Hardworking Kershaw not your average ace

Hardworking Kershaw not your average ace

LOS ANGELES -- Clayton Kershaw's failures against the Cardinals in the past two postseasons are an indirect reason why Dodgers pitching coach Rick Honeycutt is more impressed by Kershaw now than ever.

"He went through the adversity of having to answer all the questions with the Cardinals thing, and then went through the first few weeks of this season, which were not quite at his level of game, even though it was still good," said Honeycutt. "Yet he was still able to show the work ethic and the mental grind that you have to have to overcome anything.

Game Date Matchup
Gm 1 Oct. 9 NYM 3, LAD 1
Gm 2 Oct. 10 LAD 5, NYM 2
Gm 3 Oct. 12 NYM 13, LAD 7
Gm 4 Oct. 13 LAD 3, NYM 1
Gm 5 Oct. 15 NYM 3, LAD 2

"I think he just continues to get better. Some people become satisfied or complacent. The game is about adjustments and he continues to get better at it. His strikeouts, as efficiently as he's done it, to me that's an amazing feat."

Amazing feats for others are commonplace for Kershaw, who starts Game 1 of the National League Division Series against the Mets on Friday on TBS at 6:30 p.m. PT. Although he was overshadowed this year by the consistency of teammate Zack Greinke, who snapped Kershaw's streak of four league ERA titles with a 1.66 mark, Kershaw's 2.13 ERA still would have won an NL title every year from 2006-12.

"He's well on his way to being in the highest echelon of pitchers," said Dodgers CEO Stan Kasten, who ran the Braves when their rotation had future Hall of Famers Greg Maddux, Tom Glavine and John Smoltz. "Clayton focuses on mental preparation as much or more than those three."

No doubt, Kershaw gets some of his focus from his working mom. The Dallas native was raised by his mother, who moved with her only child to assure he would attend highly regarded Highland Park High School.

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"We didn't have a lot of money," said Kershaw, who during football season was the center snapping to a quarterback who became Matthew Stafford of the Detroit Lions. "I don't know how she did it. I know those years of travel ball, it wasn't cheap. But keeping me in that school district, that was huge."

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Kershaw entered his senior year ranked 34th nationally among pitchers, but he was the first high school pitcher taken in the 2006 MLB Draft. How?

"Talk to Skip Johnson," Kershaw said.

Johnson, now associate head coach at the University of Texas, was a private coach when longtime advisor/agent J.D. Smart sent Kershaw to him for sessions every Tuesday for almost three months in the winter of 2005-06.

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"All I did was give him a structured plan to work on his mechanics," said Johnson. "Suddenly, he was throwing 94-96 [mph]. His aptitude and athleticism make him what he is. He has the ability to repeat his delivery, and he makes adjustments fast."

Explained Kershaw: "Skip changed me from low three-quarters delivery to over the top," he said. "That helped me keep my weight back. That was actually the first real pitching lesson I ever had."

Smart said Kershaw's improvement was dramatic.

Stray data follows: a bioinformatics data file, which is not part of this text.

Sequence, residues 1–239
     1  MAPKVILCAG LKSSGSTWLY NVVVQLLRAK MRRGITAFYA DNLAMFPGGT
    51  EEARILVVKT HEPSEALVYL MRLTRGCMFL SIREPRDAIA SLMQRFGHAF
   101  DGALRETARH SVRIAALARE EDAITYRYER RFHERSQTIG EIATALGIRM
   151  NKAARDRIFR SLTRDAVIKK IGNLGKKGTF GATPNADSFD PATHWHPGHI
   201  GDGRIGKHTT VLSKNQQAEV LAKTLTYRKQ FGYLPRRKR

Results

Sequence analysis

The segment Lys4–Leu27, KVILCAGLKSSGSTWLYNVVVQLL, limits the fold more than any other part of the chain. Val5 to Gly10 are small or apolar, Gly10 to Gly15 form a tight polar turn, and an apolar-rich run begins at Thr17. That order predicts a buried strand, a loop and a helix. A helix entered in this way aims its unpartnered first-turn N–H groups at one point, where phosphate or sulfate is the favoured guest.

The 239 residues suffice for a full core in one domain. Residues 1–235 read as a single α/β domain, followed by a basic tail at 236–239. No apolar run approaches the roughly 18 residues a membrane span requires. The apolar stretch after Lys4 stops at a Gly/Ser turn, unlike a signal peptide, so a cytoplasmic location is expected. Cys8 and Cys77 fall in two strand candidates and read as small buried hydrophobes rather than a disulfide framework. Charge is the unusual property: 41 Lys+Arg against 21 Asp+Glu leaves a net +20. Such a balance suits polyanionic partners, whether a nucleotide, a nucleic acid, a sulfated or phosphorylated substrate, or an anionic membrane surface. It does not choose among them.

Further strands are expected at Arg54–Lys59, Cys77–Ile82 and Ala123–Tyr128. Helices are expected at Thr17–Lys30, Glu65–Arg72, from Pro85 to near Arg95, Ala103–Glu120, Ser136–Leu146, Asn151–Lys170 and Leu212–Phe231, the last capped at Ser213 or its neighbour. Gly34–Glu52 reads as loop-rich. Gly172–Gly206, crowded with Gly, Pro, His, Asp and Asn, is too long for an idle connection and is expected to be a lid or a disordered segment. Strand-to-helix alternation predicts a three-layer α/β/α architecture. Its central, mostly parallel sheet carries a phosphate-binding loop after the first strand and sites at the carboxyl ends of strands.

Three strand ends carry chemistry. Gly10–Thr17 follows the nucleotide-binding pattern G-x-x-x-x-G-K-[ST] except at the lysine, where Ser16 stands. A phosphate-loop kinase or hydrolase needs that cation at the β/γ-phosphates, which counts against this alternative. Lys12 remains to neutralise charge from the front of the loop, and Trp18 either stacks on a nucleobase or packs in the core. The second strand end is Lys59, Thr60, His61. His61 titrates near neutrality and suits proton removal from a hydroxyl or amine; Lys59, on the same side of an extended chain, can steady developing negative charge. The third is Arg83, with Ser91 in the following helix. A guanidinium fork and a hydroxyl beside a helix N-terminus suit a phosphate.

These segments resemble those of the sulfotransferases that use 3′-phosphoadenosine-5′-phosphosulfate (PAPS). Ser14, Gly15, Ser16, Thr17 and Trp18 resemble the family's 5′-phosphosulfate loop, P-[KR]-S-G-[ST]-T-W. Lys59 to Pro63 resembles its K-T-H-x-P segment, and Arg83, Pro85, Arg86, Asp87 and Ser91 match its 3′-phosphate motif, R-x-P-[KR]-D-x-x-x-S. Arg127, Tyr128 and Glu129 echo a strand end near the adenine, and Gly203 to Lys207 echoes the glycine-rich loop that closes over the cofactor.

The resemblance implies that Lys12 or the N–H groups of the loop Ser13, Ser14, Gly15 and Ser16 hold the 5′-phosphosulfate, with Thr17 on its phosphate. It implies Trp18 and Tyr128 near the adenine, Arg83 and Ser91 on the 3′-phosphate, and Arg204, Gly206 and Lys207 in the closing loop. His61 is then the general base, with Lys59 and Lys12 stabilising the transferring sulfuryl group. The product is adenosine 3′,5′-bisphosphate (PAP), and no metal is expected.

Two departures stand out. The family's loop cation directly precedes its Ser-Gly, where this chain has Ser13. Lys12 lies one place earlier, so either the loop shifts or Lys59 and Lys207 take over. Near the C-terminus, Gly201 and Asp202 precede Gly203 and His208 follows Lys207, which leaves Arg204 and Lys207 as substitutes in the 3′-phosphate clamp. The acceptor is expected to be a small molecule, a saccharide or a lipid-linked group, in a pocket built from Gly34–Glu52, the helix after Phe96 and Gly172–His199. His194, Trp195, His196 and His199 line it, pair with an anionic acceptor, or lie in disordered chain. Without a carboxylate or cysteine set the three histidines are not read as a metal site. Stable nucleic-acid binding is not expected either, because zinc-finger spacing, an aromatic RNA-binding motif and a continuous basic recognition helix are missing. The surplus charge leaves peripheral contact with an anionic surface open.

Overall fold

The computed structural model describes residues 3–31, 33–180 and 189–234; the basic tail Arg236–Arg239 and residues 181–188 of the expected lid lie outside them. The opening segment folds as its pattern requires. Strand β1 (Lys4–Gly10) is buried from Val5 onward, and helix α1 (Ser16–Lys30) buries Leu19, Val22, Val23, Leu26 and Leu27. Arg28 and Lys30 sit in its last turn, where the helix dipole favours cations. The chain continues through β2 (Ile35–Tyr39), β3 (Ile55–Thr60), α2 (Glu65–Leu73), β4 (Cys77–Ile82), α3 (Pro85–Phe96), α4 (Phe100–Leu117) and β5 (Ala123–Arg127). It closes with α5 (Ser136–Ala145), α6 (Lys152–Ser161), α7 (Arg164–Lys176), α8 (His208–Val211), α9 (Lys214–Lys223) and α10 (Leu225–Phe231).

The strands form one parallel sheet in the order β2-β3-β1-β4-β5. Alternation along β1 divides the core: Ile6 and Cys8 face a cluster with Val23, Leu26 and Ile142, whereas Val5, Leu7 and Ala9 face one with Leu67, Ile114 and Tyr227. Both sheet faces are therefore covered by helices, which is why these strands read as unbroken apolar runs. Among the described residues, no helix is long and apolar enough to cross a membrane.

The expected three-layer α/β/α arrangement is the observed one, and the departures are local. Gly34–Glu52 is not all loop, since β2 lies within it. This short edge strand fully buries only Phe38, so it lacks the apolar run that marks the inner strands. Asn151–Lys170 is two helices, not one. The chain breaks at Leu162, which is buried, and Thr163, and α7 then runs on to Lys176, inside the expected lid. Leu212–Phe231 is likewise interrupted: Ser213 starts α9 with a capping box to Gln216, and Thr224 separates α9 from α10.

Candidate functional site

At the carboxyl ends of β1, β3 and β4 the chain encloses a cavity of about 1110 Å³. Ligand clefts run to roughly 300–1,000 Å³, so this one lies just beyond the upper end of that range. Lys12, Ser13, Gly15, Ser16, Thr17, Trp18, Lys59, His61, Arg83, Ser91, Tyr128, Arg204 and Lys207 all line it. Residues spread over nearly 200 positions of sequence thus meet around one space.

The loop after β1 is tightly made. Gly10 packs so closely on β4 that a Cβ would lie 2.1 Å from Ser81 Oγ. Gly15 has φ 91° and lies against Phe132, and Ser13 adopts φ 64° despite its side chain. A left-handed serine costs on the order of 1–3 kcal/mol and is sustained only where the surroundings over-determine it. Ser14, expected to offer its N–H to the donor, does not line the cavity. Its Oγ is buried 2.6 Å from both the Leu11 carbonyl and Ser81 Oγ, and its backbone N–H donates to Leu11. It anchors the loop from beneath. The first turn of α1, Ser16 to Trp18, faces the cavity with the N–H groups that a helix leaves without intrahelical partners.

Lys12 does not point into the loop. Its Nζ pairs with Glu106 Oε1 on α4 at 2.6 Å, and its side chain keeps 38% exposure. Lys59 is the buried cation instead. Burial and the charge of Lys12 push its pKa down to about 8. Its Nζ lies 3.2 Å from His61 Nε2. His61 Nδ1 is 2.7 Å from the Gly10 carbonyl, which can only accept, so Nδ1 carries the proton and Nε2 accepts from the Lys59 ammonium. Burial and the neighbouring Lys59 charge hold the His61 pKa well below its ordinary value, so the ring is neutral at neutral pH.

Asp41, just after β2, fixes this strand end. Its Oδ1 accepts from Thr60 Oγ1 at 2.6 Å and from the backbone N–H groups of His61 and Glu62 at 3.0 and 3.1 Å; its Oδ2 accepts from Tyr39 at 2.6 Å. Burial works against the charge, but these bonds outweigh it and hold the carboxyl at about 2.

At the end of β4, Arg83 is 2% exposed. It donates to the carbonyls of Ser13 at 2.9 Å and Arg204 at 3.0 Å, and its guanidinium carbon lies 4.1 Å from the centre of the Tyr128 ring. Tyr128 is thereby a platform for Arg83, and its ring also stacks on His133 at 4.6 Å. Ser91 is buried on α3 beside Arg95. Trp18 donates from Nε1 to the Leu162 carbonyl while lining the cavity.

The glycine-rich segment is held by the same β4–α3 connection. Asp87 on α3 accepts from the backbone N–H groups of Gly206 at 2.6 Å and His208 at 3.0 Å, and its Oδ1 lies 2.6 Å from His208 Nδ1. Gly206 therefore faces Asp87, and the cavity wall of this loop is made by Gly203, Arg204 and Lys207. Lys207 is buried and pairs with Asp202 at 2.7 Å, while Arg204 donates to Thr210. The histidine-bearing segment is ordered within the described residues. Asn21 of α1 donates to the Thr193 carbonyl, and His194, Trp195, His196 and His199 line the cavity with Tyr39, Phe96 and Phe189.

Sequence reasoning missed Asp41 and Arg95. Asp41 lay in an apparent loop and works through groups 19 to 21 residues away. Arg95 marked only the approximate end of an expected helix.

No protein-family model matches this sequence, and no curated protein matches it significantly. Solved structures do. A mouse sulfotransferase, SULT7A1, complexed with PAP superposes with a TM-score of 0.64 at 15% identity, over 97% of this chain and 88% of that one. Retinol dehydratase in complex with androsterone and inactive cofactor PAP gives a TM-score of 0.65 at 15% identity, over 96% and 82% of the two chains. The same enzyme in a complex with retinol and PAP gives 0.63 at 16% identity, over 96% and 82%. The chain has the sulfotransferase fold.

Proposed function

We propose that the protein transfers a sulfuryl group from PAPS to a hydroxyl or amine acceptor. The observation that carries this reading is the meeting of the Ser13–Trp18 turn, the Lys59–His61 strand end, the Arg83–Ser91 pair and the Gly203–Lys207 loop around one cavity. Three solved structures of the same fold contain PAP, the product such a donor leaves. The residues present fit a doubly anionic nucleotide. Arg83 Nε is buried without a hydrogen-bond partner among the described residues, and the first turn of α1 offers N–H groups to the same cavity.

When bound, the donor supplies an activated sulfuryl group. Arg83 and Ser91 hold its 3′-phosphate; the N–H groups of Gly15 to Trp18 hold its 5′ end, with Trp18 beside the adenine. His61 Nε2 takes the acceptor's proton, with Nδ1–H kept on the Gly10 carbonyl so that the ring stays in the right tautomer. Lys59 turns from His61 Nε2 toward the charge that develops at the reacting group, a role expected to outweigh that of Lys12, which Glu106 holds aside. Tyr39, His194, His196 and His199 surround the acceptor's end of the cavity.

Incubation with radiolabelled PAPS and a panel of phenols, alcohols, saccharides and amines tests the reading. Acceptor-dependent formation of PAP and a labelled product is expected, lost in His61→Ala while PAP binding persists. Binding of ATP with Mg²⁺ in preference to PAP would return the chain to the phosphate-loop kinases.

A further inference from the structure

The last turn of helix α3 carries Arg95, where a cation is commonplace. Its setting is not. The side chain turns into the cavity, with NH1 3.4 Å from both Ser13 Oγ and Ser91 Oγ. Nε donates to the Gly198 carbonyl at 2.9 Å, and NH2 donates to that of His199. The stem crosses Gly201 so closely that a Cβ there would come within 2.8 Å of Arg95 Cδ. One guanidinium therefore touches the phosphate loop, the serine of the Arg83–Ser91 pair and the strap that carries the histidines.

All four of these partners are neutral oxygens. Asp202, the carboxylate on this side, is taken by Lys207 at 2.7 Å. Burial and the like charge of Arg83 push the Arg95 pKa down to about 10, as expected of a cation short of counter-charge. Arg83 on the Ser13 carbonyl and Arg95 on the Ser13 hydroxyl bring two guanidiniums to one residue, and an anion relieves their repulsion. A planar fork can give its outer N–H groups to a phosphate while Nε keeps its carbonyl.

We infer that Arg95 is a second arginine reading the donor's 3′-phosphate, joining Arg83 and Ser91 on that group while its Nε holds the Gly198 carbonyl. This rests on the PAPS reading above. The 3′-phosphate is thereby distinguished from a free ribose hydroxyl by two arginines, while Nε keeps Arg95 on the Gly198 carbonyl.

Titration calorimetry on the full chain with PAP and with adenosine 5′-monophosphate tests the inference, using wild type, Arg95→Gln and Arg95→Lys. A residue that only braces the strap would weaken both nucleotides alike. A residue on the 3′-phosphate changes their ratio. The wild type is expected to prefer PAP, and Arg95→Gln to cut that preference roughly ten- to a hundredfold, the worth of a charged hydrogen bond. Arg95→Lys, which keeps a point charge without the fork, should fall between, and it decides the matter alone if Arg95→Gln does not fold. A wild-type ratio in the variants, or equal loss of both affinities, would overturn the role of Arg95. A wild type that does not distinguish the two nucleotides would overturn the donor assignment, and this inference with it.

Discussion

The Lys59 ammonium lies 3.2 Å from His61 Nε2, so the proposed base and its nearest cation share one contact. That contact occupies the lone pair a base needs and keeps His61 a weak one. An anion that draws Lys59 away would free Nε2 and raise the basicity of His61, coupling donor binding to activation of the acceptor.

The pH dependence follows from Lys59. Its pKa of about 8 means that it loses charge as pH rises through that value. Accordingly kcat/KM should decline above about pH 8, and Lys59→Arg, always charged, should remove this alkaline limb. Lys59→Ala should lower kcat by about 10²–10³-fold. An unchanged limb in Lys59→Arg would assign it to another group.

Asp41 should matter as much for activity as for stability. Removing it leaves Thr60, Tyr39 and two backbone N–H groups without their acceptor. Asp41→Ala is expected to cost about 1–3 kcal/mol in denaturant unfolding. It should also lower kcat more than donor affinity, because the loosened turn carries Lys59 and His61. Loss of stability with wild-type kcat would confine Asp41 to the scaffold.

"He used to drift down the mound before his hands broke [separating the ball from the glove]," said Smart. "He hadn't been using his lower half. So his arm was playing catch-up with the body. He was all arm. I knew that if he had the aptitude and was willing to work, he could be something special. Did I dream we'd see what we're seeing today? No.

"But after about six weeks, I got a call from Skip and he told me, 'You need to come to Dallas and see this.' What I saw was basically what you see now. Clayton picked up five miles an hour. He took the instruction and it clicked."

With numerous acquisitions in recent years, Kershaw is now surrounded by teammates who were opponents.

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"When you're going to face him, you know you have your work cut out," said Jimmy Rollins. "But playing with him, I didn't know he was such a clown. On days he's not pitching, he's all over the place. Screaming in crazy voices, yelling at the umpires.

"You always want to know what guys are like. Playing against them, you only see the game face. You don't know what's going on on the other side. That's as it should be; as a pitcher, you want to demand that respect, so against him I had no clue, I didn't think that was part of his makeup."

Howie Kendrick agreed.

"He's very genuine, very caring for his teammates and has a real passion for the game," Kendrick said. "Last year, before I got here I saw on TV, he got tossed out of a game. And I was like, 'How did Clayton get tossed?' Now having played with him, he's all over the umpires, all over the other team. He's rooting for his team, always in the dugout, always paying attention to the game. He's got my respect for that."

None of that is news to Honeycutt, who has been Kershaw's pitching coach his entire Major League career.

"From the beginning, he's just very unique and unwavering," said Honeycutt. "Early this year, when everybody asked me what was wrong with Clayton, I just said talk to me at the end of the season, that if I had anything to worry about, I wasn't worried about him."

Ken Gurnick is a reporter for MLB.com. This story was not subject to the approval of Major League Baseball or its clubs.